What is happening here? Are we seeing the beginning of a coalition’s unraveling? Will Netanyahu once again manage to outwit his political eulogizers and emerge from this crisis just as he has so many in the past? If negotiations begin between the government and the oppositional traditional reform or not, if, when negotiations begin, what direction should these take? Where should the government concede? Where should the opposition? What’s a reasonable compromise? We’ve gotten used to demonstrating, like we know how to do it. But now, do we have to develop a new muscle? 

But before we talk about developing a new muscle in Israeli politics, there’s something, at least on a personal level that’s much more important to me right now.

And that is that Yossi Klein Halevi has to develop a muscle as a grandparent with a beautiful new granddaughter, Ella, living in Vancouver, where Yossi is right now. So before we talk about the muscles of the country, first of all, a huge, huge mazal tov to, for me and Elana, I’m sure joining in, and all our listeners.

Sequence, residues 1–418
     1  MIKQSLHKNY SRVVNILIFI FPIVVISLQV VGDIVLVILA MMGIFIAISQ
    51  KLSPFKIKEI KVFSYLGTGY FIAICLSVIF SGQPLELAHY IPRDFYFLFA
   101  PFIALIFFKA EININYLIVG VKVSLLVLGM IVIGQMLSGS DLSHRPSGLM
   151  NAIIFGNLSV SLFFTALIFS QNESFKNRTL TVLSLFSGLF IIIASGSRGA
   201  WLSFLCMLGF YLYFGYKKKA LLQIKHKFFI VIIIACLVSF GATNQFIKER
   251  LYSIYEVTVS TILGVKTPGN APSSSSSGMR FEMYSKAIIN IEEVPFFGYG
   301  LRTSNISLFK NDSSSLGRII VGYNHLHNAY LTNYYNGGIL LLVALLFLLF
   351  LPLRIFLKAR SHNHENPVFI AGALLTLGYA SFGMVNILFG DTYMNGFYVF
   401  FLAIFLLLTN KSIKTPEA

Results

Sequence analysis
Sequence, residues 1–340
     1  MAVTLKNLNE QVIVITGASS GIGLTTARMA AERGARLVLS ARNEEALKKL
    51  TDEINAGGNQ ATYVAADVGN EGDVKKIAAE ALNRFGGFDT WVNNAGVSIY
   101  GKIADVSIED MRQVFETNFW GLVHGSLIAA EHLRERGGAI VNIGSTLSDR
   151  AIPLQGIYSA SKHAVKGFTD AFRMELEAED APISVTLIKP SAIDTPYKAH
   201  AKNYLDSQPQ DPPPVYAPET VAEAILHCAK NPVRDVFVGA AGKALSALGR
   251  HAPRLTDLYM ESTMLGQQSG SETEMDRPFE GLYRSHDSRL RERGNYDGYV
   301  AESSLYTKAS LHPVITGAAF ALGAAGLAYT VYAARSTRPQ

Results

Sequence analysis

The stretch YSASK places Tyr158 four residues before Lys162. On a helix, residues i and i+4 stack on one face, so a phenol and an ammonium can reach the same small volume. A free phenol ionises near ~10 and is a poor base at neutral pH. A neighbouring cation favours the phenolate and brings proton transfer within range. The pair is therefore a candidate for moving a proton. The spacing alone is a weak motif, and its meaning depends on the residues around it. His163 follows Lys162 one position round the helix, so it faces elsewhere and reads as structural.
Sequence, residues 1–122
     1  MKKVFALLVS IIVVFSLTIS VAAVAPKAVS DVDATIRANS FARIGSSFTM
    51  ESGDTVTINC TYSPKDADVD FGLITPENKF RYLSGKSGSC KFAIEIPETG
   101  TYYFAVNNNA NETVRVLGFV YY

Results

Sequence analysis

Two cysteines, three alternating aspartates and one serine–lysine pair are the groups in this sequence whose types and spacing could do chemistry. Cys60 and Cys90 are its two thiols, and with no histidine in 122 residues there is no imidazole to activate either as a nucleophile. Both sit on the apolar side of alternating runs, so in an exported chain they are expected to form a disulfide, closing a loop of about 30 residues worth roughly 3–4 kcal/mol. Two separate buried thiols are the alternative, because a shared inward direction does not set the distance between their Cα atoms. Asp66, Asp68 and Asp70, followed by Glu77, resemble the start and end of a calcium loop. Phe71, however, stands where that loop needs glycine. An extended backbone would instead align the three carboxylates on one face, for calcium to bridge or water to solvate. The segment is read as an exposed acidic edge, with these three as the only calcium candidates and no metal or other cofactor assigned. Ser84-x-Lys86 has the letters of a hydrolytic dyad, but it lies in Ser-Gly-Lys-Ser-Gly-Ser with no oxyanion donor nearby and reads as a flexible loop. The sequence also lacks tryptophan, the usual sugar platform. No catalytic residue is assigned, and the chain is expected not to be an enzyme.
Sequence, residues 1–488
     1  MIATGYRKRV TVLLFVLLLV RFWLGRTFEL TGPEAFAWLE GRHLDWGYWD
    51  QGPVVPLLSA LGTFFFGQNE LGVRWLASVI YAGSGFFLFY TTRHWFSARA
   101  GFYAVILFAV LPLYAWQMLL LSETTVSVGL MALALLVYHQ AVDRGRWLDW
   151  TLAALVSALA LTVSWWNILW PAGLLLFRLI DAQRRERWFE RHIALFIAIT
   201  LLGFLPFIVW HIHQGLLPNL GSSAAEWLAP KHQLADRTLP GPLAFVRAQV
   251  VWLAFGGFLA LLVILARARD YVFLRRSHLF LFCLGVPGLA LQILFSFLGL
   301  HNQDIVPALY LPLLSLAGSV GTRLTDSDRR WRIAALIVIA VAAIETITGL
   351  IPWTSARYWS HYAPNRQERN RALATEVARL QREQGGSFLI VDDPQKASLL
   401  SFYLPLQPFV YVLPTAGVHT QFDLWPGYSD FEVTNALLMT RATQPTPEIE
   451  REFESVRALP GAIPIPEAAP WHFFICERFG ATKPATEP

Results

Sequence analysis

And before we talk about how you feel about the future of the Jewish people, just how are you feeling?

Yossi: Well, first of all, thank you, beloved friends. I’m very grateful for, for you sharing in my family joy. It’s, I’ve come relatively late to the grandparent game as you know, Donniel and, and you were trying to prepare me for this and, and you said there’s really nothing that can compare to it. And it’s true, it’s pure joy. 

There’s no angst, there’s no anxiety. That you leave to the parents. And they’re doing a great job worrying and hovering and I just get to hold my granddaughter and bond and look into her eyes and not even wondering who she is, who she’s going to be, just being with her, and it’s an extraordinary experience.